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[Alarum :--fight with single swords, and being deadly

wounded and panting for breath, making a stroke at each other with their gauntlets, they

fall. Hor. Both slain! Oh, noble Brutus, this thy fame To after ages shall survive; thy body Shall have a fair and gorgeous sepulchre : For whom the matrons shall in funeral black Mourn twelve sad moons; thou that first govern’d Rome, And sway'd the people by a consul's name. These bodies of the Tarquins we'll commit Unto the funcral pile : you, Collatine, Shall succeed Brutus in the consul's place, Whom with this laurel wreath we here create.

[crowns him with laurel. Such is the people's voice, accept it then.

Col. We do, and may our pow'r so just appear, Rome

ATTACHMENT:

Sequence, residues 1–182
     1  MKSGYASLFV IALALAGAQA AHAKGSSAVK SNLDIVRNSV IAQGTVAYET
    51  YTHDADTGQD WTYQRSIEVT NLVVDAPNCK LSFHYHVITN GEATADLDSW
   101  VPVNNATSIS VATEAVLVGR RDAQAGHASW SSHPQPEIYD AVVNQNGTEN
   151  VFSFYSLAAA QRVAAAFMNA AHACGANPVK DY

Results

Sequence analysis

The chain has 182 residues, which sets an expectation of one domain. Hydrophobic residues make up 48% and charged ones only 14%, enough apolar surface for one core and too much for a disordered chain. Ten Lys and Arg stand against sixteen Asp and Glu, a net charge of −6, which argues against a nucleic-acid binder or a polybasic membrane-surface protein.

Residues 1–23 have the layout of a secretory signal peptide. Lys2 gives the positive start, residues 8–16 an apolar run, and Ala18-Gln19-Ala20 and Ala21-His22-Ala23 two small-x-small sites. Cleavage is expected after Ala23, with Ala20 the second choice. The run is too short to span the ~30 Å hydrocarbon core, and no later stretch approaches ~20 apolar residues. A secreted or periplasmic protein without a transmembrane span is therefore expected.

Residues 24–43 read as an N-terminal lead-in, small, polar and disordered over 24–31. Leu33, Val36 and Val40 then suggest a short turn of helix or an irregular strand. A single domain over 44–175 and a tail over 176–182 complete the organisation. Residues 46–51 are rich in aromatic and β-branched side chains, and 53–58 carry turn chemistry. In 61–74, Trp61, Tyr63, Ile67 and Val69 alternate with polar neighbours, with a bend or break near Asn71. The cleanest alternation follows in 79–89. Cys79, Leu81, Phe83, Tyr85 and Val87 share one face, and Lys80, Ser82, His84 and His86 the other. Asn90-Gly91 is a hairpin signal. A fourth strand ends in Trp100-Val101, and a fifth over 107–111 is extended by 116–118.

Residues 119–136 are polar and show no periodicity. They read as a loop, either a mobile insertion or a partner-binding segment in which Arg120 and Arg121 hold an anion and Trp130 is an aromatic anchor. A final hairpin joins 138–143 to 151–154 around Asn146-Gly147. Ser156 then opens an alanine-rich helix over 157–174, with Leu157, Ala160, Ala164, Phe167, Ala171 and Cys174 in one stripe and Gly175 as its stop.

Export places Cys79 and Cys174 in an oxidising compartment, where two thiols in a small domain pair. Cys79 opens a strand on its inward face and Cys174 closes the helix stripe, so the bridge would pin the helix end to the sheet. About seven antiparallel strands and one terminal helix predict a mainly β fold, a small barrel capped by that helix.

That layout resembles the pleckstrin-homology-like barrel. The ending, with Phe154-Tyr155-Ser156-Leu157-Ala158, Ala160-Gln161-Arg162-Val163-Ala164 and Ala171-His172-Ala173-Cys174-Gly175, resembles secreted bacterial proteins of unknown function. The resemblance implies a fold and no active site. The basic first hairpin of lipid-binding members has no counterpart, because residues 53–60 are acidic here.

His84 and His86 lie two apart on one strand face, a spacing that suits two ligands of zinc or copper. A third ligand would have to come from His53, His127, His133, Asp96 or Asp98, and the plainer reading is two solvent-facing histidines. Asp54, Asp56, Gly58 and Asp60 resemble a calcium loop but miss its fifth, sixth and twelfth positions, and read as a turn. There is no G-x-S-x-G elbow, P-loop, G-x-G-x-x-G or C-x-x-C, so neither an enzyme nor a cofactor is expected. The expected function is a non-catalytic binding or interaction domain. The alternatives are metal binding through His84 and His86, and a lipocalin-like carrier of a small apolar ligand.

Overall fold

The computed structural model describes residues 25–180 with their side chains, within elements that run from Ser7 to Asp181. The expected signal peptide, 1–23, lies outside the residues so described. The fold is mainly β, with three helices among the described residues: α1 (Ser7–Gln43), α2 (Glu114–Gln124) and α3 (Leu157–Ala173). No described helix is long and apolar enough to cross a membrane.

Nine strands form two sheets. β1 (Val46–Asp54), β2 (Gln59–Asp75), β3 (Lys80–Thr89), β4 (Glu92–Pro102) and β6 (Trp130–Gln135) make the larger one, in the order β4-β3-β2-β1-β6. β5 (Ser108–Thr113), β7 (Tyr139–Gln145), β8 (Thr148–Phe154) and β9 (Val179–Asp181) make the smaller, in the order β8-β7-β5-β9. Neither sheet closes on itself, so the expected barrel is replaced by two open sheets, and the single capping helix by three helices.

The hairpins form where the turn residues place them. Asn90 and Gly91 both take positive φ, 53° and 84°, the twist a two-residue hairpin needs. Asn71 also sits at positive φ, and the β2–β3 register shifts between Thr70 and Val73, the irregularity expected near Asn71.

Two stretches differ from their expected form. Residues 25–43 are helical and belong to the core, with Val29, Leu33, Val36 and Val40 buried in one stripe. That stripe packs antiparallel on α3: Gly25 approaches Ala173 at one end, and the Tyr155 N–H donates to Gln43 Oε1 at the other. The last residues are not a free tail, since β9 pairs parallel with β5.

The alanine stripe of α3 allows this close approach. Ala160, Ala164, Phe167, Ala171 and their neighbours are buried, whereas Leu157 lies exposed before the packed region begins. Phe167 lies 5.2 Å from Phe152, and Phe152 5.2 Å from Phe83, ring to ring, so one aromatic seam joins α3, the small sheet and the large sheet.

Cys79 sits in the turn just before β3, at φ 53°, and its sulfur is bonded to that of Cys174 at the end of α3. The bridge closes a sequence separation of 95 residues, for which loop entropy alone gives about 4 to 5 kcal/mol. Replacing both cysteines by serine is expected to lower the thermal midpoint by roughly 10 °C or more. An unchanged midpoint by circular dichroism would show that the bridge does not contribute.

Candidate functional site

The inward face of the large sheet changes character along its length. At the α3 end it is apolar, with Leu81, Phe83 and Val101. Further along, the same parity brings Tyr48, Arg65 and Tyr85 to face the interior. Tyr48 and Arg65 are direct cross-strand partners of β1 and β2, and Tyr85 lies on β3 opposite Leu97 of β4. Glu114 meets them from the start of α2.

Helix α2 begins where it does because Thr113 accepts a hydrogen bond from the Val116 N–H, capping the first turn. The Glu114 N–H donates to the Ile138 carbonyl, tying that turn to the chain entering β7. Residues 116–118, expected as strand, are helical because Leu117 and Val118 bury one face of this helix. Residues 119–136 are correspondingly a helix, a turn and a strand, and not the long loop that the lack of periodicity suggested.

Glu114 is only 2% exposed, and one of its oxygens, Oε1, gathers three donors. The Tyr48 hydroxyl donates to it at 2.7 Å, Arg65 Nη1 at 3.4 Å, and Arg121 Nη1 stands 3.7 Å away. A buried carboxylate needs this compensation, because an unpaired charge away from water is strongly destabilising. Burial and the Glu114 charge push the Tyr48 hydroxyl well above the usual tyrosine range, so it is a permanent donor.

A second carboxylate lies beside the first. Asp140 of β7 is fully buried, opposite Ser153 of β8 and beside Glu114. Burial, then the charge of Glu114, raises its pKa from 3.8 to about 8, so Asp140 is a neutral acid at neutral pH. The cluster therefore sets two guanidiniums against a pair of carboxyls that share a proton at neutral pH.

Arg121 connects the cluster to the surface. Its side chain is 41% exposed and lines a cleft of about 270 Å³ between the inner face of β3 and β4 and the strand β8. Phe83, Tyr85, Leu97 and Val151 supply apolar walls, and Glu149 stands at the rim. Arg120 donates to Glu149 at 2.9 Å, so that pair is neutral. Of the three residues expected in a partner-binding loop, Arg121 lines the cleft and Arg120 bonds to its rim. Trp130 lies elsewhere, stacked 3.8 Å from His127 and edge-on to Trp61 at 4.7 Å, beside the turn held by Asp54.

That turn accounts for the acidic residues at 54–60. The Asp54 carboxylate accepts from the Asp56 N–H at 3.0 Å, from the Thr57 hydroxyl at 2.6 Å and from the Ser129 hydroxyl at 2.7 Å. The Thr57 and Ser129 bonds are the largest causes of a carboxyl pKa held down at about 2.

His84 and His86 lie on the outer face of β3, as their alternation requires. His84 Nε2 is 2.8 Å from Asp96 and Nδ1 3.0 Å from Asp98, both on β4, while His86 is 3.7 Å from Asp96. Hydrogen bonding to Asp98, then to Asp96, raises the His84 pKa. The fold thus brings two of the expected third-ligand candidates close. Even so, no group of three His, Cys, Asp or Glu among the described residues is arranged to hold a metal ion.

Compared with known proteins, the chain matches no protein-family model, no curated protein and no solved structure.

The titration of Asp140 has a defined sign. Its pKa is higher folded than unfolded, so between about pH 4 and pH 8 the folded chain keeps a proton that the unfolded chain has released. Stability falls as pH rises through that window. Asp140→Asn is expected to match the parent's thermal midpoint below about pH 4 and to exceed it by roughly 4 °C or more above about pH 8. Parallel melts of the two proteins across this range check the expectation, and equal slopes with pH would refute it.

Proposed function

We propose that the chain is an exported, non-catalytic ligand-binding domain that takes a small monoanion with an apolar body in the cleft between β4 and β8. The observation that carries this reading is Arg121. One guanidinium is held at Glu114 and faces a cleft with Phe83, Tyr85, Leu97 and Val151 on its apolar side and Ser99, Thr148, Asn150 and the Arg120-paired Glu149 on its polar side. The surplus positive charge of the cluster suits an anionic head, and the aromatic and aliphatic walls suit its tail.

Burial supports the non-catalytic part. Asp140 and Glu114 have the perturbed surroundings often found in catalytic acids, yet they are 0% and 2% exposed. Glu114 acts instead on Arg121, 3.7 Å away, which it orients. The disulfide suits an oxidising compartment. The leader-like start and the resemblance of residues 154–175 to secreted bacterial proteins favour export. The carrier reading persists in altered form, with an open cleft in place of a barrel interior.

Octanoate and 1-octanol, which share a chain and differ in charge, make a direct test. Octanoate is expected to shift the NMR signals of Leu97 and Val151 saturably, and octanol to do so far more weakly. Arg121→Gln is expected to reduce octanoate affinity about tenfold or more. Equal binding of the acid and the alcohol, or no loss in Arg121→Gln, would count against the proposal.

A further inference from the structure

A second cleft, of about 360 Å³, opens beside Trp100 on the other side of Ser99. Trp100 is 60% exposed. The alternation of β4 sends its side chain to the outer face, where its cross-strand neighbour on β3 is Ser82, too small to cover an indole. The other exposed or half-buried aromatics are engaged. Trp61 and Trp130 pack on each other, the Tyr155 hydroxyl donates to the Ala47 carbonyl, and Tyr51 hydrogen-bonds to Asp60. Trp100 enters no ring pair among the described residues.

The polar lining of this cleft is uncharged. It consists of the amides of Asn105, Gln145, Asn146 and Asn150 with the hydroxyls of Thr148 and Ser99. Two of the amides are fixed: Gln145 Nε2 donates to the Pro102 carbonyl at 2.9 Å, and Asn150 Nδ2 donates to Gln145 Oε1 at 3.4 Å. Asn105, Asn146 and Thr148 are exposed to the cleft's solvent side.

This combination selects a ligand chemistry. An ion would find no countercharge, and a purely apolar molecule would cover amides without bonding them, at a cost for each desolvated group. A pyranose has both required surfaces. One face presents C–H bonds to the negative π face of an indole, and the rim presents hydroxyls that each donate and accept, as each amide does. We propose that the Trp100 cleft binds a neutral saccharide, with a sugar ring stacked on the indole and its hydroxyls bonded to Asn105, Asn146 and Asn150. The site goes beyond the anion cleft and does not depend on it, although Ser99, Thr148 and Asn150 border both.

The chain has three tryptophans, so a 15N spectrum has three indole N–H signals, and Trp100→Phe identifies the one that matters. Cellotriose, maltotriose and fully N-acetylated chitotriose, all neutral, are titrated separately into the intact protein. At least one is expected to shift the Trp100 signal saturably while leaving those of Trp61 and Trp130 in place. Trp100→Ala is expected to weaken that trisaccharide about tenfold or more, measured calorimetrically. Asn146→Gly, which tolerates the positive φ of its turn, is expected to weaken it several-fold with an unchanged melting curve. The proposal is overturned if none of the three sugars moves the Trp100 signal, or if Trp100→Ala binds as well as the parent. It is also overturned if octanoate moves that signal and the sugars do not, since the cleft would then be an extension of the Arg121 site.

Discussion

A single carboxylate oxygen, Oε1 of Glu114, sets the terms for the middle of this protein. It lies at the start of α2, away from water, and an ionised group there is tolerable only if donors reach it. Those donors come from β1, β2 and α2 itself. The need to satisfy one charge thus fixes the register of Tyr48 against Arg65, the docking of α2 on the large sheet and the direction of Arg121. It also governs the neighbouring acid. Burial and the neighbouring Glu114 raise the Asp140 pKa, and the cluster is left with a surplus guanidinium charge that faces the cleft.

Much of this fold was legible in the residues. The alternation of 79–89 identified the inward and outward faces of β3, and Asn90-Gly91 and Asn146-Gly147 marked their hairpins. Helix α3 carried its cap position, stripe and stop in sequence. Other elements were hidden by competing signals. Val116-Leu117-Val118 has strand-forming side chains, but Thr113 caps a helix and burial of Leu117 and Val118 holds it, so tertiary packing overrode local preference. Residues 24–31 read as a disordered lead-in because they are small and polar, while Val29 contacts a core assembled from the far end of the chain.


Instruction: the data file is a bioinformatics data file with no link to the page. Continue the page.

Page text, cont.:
have peace, both with our love and fear. But soft! what march is this?

[blocks in formation]

Por. The Tuscan king seeing the Tarquins slain,
Thus arm’d and battld, offers peace to Rome;
To confirm which, we'll give you present hostage ;
If you deny, we'll stand upon our guard,
And by the force of arms, maintain our own.

Val. After so much effusion and large waste
Of Roman blood, the name of peace is welcome :
Since of the Tarquins none remain in Rome,
And Lucrece' rape is now reveng’d at full,

'Twore good to entertain Porsenna's league.

Col. Porsenna we embrace, whose royal presence
Shall grace the consul to the funeral pile.

March on to Rome! Jove be our guard and guide!
That hath, in us, veng'd rape, and punish'd pride!





Printed by D. S. Maurice, Fenchurch-street.

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